[Mick] Well, I love Joe Satriani – very musical and vocal-like in his solos and compositions. Ty Tabor with King’s X is overlooked, as is King’s X for what they’ve done. You never hear a bad country lead break in a song, ever. All those boys can play, so that brings up Vince Gill. For jazz, John Scofield, even though he’s been around awhile, is a fave. Mike Campbell with Tom Petty –always the right notes at the right time. Warren Haynes kills for what he does - I saw him with the Dead in Atlanta a few years back. Jimmy Herring, now with Widespread Panic, is very John Coltrane-ish on guitar, and makes it work with anybody he plays with. Derek Trucks – Mary Beth and I saw him a few years back at the Variety Playhouse in Atlanta – he’s just amazing. Probably the best slide player out there now. And with that, I gotta mention Bonnie Raitt –she’s got a vocal style, and guitar tone, that are distinct. Wonderful interpreter of songs –she’s best covering other people’s material. So many good players out there –I know that I’ve left out a ton of them.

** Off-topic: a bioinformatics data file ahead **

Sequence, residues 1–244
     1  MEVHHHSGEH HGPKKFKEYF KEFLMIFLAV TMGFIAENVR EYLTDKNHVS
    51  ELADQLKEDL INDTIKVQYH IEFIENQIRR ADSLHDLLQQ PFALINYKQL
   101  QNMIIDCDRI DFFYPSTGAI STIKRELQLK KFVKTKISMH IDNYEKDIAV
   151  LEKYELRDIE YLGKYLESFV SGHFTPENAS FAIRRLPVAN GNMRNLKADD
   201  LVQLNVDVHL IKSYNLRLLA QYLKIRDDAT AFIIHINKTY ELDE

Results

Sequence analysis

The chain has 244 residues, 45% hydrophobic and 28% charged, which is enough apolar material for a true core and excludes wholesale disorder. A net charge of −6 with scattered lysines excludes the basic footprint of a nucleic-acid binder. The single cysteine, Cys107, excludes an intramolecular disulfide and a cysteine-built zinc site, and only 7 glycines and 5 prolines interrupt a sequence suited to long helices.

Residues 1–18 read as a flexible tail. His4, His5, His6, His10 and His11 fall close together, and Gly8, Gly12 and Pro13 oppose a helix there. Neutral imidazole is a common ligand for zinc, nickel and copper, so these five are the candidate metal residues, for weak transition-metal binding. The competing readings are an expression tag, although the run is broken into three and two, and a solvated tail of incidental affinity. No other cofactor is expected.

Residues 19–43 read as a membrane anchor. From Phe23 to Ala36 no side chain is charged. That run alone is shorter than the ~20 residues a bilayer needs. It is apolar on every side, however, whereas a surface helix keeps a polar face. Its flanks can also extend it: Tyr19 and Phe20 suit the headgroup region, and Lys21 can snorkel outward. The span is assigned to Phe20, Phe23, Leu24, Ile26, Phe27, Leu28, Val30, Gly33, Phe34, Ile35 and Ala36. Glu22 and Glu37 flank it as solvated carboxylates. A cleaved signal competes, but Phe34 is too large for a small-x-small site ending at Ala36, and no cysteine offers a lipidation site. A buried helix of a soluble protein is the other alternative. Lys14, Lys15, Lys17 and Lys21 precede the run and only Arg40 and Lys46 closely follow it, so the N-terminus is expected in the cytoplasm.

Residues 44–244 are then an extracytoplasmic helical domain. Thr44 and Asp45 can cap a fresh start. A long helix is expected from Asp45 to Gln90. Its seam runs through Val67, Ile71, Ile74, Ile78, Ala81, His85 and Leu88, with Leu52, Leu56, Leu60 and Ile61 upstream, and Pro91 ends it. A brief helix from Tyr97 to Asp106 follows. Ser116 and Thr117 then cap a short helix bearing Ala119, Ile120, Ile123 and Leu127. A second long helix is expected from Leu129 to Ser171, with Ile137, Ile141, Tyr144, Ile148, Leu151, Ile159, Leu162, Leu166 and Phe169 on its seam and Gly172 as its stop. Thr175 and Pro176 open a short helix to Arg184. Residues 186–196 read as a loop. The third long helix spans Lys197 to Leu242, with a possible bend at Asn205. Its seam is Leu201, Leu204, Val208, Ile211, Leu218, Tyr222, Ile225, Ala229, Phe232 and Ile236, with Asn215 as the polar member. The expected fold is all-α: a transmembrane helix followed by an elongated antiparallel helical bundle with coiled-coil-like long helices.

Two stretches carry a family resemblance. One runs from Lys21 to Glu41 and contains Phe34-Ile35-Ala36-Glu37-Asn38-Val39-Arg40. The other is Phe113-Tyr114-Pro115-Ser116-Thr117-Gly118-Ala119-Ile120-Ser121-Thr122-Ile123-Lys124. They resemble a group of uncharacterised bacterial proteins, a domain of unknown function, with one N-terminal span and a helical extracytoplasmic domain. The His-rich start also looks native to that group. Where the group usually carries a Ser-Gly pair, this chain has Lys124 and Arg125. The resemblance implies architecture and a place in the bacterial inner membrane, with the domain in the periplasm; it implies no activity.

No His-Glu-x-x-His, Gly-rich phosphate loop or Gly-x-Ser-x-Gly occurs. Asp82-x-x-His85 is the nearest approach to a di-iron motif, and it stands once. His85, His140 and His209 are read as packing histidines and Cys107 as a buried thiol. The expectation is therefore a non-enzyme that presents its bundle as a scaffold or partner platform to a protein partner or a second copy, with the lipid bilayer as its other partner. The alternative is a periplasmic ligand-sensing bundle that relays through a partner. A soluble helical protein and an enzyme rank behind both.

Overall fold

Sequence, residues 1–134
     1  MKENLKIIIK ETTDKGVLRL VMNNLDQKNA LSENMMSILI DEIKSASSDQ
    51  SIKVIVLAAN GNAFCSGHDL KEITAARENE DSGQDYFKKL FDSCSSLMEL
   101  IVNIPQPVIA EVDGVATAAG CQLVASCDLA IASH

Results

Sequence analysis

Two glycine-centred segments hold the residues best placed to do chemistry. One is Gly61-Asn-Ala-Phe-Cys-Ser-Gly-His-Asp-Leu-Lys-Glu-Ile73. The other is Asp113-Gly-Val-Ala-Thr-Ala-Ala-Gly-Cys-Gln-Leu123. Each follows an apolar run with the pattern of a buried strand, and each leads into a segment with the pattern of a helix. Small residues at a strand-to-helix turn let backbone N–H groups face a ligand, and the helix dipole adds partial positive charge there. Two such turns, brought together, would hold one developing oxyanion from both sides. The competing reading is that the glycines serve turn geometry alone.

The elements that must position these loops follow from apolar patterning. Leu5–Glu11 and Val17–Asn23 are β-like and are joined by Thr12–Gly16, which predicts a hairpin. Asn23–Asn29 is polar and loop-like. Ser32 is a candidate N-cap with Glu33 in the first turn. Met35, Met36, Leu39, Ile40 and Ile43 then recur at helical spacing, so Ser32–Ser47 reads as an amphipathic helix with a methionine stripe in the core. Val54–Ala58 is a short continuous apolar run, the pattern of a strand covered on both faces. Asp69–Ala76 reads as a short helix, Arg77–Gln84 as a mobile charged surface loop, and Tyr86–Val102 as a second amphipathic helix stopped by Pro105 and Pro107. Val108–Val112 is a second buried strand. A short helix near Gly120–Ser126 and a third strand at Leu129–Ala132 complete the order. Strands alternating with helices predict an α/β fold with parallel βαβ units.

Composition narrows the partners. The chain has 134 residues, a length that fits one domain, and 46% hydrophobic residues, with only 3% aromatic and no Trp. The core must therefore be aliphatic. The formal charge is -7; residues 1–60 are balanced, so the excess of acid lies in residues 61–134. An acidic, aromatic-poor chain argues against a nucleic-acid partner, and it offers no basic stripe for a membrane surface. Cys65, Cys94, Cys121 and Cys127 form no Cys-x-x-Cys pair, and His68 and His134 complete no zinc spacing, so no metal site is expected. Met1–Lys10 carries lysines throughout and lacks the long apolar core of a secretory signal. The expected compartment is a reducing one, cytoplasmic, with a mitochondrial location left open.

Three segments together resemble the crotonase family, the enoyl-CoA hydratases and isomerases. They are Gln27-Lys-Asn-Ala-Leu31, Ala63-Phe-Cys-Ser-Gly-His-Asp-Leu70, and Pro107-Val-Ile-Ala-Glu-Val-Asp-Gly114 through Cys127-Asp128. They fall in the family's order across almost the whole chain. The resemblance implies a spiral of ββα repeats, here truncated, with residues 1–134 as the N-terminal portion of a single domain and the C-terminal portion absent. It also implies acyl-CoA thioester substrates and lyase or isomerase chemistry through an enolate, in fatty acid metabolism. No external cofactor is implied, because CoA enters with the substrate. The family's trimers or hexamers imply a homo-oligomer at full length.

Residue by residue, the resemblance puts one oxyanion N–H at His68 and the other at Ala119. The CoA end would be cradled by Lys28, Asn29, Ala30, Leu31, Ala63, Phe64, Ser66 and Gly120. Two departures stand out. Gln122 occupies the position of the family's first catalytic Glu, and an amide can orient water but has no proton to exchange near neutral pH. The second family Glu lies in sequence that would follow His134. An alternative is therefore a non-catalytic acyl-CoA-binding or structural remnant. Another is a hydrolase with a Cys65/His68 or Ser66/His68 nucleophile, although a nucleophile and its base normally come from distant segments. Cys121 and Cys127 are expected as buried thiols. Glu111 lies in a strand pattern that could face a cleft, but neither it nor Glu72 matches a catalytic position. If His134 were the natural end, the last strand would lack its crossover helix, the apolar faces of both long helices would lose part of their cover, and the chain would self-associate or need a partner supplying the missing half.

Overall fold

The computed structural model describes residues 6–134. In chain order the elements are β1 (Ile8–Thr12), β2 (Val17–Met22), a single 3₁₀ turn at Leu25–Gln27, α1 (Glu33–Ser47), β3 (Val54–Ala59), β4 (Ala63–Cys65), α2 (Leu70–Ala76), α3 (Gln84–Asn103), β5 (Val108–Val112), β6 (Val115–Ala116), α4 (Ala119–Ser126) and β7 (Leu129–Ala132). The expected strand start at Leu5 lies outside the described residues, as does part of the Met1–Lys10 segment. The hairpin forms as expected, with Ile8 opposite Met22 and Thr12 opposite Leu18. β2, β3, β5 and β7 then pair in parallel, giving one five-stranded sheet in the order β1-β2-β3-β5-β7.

[D.P.] How about James Blood Ulmer? I recall the day you gave me the LP "Black Rock" and I just didn't get it.
[Mick] It’s pretty out there – he played with Ornette Coleman, so he really takes the harmoledic approach on guitar seriously. His newer blues stuff that he did with Vernon Reid producing is alot more accessible.
[D.P.] The tone monsters now.... Strangely enough, I came across Eric Johnson accidentally as I was channel surfing many years ago and I caught his Austin City Limits set. What an amazing technician.